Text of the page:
So you have to just brush yourself off, pick yourself up, and think, ‘Right, what can I do to make sure that we move, not only just to get back to the level we were at, but also how can we move into the future?’ And of course, in a sense, you look back at it now, and you think maybe it was a good thing. It was sort of a blessing in disguise. Without that, you could become complacent on a certain deal or whatever… a customer, a big deal or whatever it might be in a different business. And, you know, you’re kind of trundling along, and perhaps looking back, we weren’t necessarily innovating as much as we could have done, and the product we’ve got now, I’m more proud of than anything we ever had before. And also, it’s good for business, because we’ve grown significantly more than the point we were at, and at our highest point with the previous incarnation of the business. We’ve exceeded that already.

Was 18 months the hard launch date? Did you know in your head, ‘I can see where the graph is going and if we don’t launch by this date then, we’ve had it’?

I wanted to build it… initially, I thought we could do it in, like, 6 months. And then, of course, it gets to a year, and then when it got to 18 months, it got to a point where we were really just like, ‘Right, we need to get this live.’ With maybe 2 months notice and we were like, ‘This needs to go live, doesn’t matter what’ And again, with radio.co, part of the system was actually built by a guy who then went off and worked for Google. He was with me for some time before when he was at university, then graduated, and he wanted to go and work for Google. And he’d been great to us, you know, so I wasn’t gonna stop him. But it was just kind of annoying, the timing. And of course, a lot of the code he’d written, the other parts of the development team didn’t really understand, so quickly after launch we then found ourselves sort of rewriting bits of code, and replacing bits of the system with open-source software. So, you know, again, it’s a mad scramble, what goes on behind the scenes.

So, you were rewriting bits of the code base while having that enormous growth that you talked about as well. Sounds like a nightmare!

It was a nightmare. But it got to a point where, like, as I say, we’d been building it for a year and a half, and we had to launch because we could have spent another year and a half working on it, you know what I mean? I think some people are perfectionists. I like to get things right, and I like to offer a good quality service. Don’t get me wrong, that’s 100% what we’re about. I’m aware this might sound bad on us, but at the same time, as an entrepreneur, it was like, we just had to get this live. And it was ready, we’d done extensive testing and everything, I just think the scaling thing is what probably hit us the hardest because it was working—

Done is better than perfect. That’s true, isn’t it?

Yeah. Fast forward now, we’ve got a very, very reliable platform, it works completely as expected, and generally, feedback is excellent. So now we’re at the stage where we’re starting to focus more on innovation, and adding functionality, and building some new exciting things that haven’t been done before.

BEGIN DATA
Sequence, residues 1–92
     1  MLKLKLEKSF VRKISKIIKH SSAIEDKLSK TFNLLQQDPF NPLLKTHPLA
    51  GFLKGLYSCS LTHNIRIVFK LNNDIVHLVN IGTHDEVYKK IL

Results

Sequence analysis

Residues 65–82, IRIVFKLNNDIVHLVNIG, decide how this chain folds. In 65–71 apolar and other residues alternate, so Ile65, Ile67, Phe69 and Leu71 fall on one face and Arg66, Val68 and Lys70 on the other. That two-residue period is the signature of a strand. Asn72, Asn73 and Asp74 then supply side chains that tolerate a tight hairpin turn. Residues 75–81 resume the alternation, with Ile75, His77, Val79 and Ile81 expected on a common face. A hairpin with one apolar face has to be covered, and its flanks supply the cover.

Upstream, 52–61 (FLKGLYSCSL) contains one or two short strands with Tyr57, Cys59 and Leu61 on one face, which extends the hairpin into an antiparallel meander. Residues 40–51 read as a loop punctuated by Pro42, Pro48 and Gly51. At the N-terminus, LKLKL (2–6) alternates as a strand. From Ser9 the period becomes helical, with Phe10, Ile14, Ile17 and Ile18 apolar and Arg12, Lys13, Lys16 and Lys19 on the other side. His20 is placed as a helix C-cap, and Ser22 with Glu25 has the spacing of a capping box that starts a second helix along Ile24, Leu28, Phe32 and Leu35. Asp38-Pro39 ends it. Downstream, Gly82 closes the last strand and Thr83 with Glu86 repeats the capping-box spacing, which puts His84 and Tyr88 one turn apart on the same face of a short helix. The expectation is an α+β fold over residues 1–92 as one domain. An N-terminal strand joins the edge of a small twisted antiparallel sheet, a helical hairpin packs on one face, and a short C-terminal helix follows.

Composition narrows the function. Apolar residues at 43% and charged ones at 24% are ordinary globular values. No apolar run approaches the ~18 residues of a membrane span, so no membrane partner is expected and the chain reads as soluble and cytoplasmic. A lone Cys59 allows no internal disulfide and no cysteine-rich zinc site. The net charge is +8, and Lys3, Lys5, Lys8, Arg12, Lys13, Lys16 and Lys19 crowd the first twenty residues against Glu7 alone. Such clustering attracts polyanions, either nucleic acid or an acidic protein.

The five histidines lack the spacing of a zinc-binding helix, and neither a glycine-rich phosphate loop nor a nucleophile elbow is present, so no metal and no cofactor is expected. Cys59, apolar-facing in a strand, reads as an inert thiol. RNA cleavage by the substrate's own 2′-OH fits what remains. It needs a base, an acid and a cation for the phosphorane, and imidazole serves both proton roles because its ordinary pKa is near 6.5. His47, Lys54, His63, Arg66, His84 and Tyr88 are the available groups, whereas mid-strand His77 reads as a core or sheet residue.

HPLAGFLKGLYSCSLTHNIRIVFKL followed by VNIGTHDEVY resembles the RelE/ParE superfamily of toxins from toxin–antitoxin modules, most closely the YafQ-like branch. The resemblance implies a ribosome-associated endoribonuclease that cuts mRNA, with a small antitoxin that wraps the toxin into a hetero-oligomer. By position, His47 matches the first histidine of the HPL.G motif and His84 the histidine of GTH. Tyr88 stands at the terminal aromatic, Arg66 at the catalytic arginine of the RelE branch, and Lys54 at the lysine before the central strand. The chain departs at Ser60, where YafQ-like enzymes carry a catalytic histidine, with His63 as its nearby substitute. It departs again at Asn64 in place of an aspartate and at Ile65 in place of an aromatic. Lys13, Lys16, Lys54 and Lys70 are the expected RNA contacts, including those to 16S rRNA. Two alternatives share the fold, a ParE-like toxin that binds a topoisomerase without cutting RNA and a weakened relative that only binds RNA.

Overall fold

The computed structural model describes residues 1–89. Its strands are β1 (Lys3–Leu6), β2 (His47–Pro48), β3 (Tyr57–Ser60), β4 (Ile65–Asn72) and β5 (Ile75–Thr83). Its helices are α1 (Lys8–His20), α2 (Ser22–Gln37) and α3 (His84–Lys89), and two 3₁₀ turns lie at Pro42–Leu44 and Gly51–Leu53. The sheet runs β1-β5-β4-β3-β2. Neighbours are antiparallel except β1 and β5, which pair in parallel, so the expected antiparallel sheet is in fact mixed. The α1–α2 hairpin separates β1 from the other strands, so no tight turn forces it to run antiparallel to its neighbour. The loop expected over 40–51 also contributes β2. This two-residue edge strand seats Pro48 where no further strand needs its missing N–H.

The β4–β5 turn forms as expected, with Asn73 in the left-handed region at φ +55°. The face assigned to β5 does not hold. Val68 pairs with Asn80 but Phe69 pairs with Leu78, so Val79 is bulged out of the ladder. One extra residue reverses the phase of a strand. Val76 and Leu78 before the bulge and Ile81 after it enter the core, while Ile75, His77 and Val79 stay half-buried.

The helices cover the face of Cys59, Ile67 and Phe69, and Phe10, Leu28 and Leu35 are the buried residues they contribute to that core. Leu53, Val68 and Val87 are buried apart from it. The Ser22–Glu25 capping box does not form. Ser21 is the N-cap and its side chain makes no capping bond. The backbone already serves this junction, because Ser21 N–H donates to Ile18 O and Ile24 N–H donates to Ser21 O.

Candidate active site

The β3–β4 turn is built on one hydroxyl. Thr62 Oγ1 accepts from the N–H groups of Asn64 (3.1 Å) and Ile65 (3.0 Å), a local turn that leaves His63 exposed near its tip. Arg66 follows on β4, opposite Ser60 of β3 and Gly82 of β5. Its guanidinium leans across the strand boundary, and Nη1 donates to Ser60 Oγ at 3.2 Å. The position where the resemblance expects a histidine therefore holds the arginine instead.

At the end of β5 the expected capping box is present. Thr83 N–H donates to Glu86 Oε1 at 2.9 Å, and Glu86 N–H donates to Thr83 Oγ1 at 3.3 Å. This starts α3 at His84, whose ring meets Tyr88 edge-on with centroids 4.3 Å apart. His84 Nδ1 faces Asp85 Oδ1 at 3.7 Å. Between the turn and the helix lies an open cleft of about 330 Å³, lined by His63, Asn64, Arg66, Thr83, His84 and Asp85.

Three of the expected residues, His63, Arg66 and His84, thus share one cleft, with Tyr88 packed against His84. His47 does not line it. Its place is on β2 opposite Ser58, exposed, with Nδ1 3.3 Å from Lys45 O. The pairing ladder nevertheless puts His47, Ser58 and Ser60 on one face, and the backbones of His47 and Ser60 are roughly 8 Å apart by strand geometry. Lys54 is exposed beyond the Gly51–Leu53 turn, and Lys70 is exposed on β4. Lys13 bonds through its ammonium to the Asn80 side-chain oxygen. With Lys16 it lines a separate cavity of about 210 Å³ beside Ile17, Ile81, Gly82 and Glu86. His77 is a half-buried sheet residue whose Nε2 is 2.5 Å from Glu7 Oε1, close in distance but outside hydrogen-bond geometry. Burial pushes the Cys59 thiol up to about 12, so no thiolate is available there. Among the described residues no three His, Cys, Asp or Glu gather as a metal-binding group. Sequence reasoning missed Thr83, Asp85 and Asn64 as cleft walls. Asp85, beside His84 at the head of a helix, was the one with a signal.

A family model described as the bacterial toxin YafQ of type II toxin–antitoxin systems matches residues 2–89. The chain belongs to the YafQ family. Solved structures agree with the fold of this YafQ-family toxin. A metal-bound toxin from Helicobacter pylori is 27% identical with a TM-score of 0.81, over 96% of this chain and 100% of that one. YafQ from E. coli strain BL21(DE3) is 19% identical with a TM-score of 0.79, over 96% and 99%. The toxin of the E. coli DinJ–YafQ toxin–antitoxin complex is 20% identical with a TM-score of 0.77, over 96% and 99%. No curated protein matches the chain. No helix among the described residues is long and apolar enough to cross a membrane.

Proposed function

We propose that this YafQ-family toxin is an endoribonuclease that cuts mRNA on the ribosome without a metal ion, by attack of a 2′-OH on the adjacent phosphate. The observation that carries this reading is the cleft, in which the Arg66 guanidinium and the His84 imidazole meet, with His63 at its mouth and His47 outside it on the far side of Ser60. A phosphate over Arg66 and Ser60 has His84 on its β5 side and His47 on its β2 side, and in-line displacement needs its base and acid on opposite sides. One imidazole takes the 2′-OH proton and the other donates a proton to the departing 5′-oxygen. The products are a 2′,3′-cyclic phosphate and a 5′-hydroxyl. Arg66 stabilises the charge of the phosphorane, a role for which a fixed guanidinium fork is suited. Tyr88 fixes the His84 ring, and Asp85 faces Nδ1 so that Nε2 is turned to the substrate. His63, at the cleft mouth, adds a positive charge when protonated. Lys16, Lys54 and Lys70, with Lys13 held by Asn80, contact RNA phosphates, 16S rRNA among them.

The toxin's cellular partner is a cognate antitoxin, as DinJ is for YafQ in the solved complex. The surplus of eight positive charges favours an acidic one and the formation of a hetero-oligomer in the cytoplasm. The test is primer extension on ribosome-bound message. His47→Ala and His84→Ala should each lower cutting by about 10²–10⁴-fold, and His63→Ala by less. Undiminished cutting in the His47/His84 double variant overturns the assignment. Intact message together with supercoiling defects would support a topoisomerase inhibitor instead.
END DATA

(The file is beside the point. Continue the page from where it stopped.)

Did you ever need to take on funding?

No, I’ve been very fortunate, I think, because again, my story as an entrepreneur, I’ve not got any other directors or shareholders. It’s my business, and I’ve never had any investment, and I’ve never had a job working for anyone else, because I just got started at such a young age, you know, and grew things very, very slowly, and maybe a bit of luck as well.

We were based in Manchester city centre, and I moved to Manchester just after I went to university in Huddersfield, moved here 7 years ago just after I graduated, which was around the time I started hiring people. And there wasn’t a tech scene then. Even, I think, then, having a tech business in the UK wasn’t a cool thing, whereas now, in Manchester, like I’m sure there is in Sheffield as well, there’s quite an established tech scene. I think it’s growing. It’s good now, but I think it’s going to grow significantly over the next few years.

But obviously, now the thing is you raise as much money as possible and then you have Series A, and Series B [funding]. My own approach as an entrepreneur, I’ve always been very profit-focused, and in the last year and a half, I’ve made a few angel investments, myself, into other businesses. Some of them are small companies, some of them are very small investments in a much bigger company. So that’s something that’s new for me as well. But in terms of the investment thing, we obviously didn’t have to take an investment. We were in a lucky position in that respect.

That’s great, what kind of revenue do you do on a monthly basis?

About 100K a month for radio.co at the moment. We’ve grown quite significantly, like 84%, since end of last year. So, you know, it’s growing very nicely and steadily. Obviously, we’re working hard in terms of customer acquisition. I don’t see, at the moment, it slowing down. I think, obviously there’s going to be a limit. It’s a niche business at the end of the day, but I feel like things are going well for us at the moment.

Are you the market leader, in terms of market share?

The company, for example, that bought Shoutcast from AOL. They are in the same space, probably a lot bigger than us… They’ve had millions and millions of investment ploughed into them. Whether or not they actually make any money, I don’t know. It’s interesting, because I was at SXSW conference in March, and there  was a guy who was onstage talking about— a guy called Gary V, who’s kind of… a bit of an Internet celebrity as well.

Oh. Yeah, yeah, I know him. [laughs]